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Disney Flexes its IP Portfolio in Disney+

Josh Conley \ May 01, 2019

With Avengers Endgame raking in a record-breaking $1.2 billion its opening weekend it seems appropriate to touch on just how much of a powerhouse Disney really is.  Recently, Disney provided more information on its upcoming streaming service, Disney+, which is set to release November 12th.Pretty much everyone knows that Disney owns the Marvel movies.  What can be forgotten that Disney also owns the Star Wars franchise and the Pixar film catalog.  On top of that, Disney holds a majority of Hulu and a majority of ESPN.  

Disney+ subscribers can expect to have access to much of this content at some point after the launch of the streaming service.  It appears that unlocking access to all of Disney’s assets may require bundling up services, i.e., Disney+, Hulu, and ESPN+. A portion of 21st Century Fox is also owned by Disney, which gives them access to the Simpsons and the X-Men films.

New films and series are also expected based on the existing catalog.  For instance, a new Star Wars series is in the works, a live action Lady and the Tramp, and spin-off show with Scarlett Witch and the Vision from Marvel.

At just $6.99 a month or an annual subscription of $69.99, other streaming services might want to take notes.  I'm looking at you Netlfix and your price increases.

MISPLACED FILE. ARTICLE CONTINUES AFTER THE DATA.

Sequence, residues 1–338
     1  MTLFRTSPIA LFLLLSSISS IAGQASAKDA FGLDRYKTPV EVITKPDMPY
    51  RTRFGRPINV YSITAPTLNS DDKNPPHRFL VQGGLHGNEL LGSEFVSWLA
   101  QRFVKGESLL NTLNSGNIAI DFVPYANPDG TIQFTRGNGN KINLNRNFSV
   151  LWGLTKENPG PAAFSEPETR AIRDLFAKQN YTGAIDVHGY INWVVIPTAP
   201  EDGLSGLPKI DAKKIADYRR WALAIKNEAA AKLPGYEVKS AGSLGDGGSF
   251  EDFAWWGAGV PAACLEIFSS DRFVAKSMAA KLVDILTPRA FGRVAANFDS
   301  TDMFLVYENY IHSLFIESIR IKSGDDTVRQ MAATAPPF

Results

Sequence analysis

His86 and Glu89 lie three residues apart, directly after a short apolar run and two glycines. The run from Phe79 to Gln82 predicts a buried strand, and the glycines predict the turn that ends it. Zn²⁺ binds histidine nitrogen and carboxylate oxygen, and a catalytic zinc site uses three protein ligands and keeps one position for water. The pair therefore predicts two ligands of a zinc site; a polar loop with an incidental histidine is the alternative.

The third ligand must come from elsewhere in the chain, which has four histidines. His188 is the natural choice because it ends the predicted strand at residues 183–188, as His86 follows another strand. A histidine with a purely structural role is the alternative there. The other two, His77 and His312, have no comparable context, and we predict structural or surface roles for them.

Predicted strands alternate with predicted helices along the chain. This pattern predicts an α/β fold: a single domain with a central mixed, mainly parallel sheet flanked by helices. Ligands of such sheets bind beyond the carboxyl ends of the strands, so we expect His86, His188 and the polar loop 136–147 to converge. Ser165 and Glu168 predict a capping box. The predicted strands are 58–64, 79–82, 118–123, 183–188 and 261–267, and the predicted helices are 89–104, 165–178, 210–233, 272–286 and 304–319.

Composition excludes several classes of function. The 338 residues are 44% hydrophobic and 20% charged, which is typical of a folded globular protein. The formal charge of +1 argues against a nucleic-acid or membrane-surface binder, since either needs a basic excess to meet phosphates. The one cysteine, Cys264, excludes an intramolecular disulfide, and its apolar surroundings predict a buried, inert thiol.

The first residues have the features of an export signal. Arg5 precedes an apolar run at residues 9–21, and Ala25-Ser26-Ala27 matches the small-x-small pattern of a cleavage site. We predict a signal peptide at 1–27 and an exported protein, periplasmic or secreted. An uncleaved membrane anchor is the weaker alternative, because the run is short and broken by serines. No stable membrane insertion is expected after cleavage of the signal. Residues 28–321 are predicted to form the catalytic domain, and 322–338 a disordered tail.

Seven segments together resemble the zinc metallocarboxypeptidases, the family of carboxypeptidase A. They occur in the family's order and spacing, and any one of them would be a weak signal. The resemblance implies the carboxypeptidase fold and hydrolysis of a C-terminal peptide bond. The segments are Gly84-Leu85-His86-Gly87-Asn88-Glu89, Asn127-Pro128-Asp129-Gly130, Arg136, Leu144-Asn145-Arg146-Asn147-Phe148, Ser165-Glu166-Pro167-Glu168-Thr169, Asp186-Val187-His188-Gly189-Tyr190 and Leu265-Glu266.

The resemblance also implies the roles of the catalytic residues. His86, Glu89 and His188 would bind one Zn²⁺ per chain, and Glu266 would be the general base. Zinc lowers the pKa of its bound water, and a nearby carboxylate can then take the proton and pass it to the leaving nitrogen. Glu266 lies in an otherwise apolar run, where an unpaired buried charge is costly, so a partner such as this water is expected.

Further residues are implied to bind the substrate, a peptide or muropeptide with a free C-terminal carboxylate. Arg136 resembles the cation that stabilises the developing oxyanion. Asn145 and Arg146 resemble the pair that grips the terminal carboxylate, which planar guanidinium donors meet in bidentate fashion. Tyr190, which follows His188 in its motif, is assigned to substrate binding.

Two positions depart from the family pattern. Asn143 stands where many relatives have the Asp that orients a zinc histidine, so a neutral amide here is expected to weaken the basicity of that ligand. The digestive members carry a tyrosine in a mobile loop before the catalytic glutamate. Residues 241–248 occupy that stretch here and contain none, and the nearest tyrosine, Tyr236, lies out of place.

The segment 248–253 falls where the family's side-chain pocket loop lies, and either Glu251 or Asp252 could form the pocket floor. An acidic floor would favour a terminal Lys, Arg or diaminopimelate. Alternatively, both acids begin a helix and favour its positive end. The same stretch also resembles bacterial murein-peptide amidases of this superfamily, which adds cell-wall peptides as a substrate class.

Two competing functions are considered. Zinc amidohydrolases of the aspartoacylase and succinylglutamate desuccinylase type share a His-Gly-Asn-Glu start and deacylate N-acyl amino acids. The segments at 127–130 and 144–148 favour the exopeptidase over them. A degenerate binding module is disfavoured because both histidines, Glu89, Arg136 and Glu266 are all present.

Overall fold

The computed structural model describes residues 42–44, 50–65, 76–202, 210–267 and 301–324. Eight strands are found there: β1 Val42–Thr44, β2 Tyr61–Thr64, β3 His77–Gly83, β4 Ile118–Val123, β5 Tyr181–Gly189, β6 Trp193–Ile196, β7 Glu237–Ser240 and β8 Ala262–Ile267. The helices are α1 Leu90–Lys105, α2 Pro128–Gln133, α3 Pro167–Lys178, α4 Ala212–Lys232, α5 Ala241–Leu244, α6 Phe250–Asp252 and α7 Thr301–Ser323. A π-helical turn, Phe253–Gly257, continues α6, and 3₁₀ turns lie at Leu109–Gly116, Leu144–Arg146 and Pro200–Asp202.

But what does this have to do with our IP blog?  This is a prime example of building a portfolio and then exercising it to enter into a new marketplace.  Disney’s ownership of all of this works allows it to take some of the most sought after content and provide it exclusively on their platform.  That means that Netflix probably won’t have any Marvel content resurface and catching some Disney owned films may be more difficult once they are available on Disney+.

Disney is also an example of the power of licensing and owning a stake in other companies.  Even though it doesn’t own all of Hulu or Fox, it is well positioned to make the most of its investment.

Very few companies will ever be able to get in the same position as Disney.  That doesn’t mean that developing a strong intellectual property portfolio should be ignored.  On the flip side, selling even a part of your IP assets should be a careful consideration because it could be become another stone in a competitor’s gauntlet.

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